The first step requires we get rid of the stains currently on the car. We start to accomplish this by getting the car wet with a mixture of water and your vinegar. Mix 1 part vinegar to 2 parts water, and distribute the liquid over the car's exterior with a rag. You don't need to get your car sopping wet here - just wet enough for what happens next.

Step 2: Soap Your Car

The next step gets the car cleaned. Add soap to your vehicle's wet exterior by pouring some on a rag and getting the car all foamy and lathered. Start at the top part of the car and work your way down. This way when the soap runs, it will cover more of the car. This method has also always saved my back a little wear and tear by keeping me upright as much as possible.

Step 3: Rinse Your Car

Let gravity be your friend again here and start at the top and work your way to the wheels. This way, using your hose or clean rags, the water will run off and make your job a little easier, and we could all use things being a little bit easier in our lives. This step should clear all the spots away from your car's body.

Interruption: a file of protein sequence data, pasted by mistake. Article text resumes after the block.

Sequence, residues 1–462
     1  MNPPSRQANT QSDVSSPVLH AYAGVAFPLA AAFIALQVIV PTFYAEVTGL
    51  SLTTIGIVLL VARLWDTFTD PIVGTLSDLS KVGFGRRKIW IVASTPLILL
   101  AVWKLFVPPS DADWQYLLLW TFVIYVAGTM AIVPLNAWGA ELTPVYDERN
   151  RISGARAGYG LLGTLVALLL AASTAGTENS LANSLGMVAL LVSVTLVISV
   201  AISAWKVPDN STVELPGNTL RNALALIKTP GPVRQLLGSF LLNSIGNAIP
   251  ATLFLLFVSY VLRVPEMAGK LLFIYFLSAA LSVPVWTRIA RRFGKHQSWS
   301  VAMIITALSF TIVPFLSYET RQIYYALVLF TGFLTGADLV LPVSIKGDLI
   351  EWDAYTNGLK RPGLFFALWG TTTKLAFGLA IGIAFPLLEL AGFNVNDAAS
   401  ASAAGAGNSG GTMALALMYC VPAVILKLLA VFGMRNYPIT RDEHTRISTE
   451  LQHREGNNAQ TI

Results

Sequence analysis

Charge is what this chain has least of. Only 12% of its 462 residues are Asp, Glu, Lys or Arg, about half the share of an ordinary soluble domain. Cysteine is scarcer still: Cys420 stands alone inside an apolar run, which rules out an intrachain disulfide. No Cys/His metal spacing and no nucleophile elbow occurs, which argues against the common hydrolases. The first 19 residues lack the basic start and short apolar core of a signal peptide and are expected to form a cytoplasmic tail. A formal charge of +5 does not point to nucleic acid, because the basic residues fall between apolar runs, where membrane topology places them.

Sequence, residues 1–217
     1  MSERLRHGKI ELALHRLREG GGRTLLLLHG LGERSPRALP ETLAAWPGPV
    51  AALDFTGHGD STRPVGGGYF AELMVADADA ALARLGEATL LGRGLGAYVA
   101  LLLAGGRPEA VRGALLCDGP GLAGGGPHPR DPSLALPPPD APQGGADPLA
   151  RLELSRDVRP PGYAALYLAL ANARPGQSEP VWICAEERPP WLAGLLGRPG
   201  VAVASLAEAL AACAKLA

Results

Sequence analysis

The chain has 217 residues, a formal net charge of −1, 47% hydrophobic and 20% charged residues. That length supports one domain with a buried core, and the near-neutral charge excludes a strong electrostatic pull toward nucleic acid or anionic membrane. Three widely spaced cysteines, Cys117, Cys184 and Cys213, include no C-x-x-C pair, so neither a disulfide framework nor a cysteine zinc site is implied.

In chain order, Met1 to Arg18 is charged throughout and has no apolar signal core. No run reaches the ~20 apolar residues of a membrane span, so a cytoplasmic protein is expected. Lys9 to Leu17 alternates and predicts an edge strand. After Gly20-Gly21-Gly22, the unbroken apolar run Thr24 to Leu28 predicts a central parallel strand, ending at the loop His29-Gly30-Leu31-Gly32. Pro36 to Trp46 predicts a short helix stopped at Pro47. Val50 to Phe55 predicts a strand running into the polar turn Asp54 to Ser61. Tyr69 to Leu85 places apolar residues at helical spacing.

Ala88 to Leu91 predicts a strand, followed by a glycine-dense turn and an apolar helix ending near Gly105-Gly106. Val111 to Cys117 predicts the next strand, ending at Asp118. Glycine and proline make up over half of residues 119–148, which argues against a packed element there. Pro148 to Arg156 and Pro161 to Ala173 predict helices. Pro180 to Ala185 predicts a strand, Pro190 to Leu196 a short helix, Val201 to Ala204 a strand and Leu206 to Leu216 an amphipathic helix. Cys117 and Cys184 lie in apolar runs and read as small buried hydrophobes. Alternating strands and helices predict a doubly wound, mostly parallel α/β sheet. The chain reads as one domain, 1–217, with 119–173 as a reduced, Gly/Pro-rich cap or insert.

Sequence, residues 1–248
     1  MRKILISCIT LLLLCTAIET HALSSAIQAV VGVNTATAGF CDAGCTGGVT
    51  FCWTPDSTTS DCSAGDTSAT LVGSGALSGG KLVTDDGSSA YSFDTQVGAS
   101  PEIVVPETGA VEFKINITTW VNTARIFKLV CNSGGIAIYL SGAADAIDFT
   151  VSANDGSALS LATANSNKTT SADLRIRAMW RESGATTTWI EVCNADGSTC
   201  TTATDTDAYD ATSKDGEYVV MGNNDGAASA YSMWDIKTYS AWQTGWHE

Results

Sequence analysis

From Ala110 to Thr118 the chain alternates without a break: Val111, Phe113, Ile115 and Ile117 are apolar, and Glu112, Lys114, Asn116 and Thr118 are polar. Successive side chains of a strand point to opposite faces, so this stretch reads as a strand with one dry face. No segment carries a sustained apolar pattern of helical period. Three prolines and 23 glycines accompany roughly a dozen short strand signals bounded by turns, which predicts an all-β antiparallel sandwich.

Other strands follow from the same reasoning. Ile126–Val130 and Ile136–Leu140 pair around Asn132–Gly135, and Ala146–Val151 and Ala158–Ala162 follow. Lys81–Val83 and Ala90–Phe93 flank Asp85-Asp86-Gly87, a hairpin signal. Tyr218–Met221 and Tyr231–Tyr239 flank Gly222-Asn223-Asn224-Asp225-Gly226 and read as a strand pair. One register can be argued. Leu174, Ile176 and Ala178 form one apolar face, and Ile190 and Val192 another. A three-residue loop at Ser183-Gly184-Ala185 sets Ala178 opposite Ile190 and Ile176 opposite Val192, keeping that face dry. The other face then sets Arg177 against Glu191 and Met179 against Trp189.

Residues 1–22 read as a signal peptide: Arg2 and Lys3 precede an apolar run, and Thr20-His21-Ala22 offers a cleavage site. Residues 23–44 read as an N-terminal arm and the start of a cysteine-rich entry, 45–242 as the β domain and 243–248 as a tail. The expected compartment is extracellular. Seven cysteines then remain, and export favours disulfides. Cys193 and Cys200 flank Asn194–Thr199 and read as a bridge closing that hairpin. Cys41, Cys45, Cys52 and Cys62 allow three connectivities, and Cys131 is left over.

Step 4: Wax Your Car

This step is the most time-consuming of the ones listed here, of course, but if you really want the paint job to sing, this step is absolutely critical. Nothing shines like the lustre of a freshly waxed car, nothing turns heads like the gleaming body of a clean car. You can accomplish this impressive look by using car polisher and car wax and applying it to the body of your car, carefully following the instructions, to distribute the wax evenly. If you notice any blemishes in the application you can buff them out with a rag, or a buffer wheel, if you have one available.

In Conclusion

If this method doesn't remove water spots from your car, consider discussing the problem with an auto body specialist. The problem may be more serious than just some water marks, if this vinegar solution isn't the solution to the spots you see on your car. Vinegar is a versatile substance that can be used on your car, in your kitchen, or in your bathroom to clean in a safe and natural way.

Did you enjoy reading this tutorial? I hope you did, at least half as much fun as I had writing it. It was important to me to write this helpful how-to to share this information because some people don't realize that they can get rid of water spots on their cars on their own, without paying an arm and a leg or potentially exposing themselves to harmful chemicals and acids. Now you know how to handle the residue left behind by rain next time you see it on your car! Let me know in the comments what you think about this article, and don't forget to share it with your friends if you liked it.

About the Author Vince Martin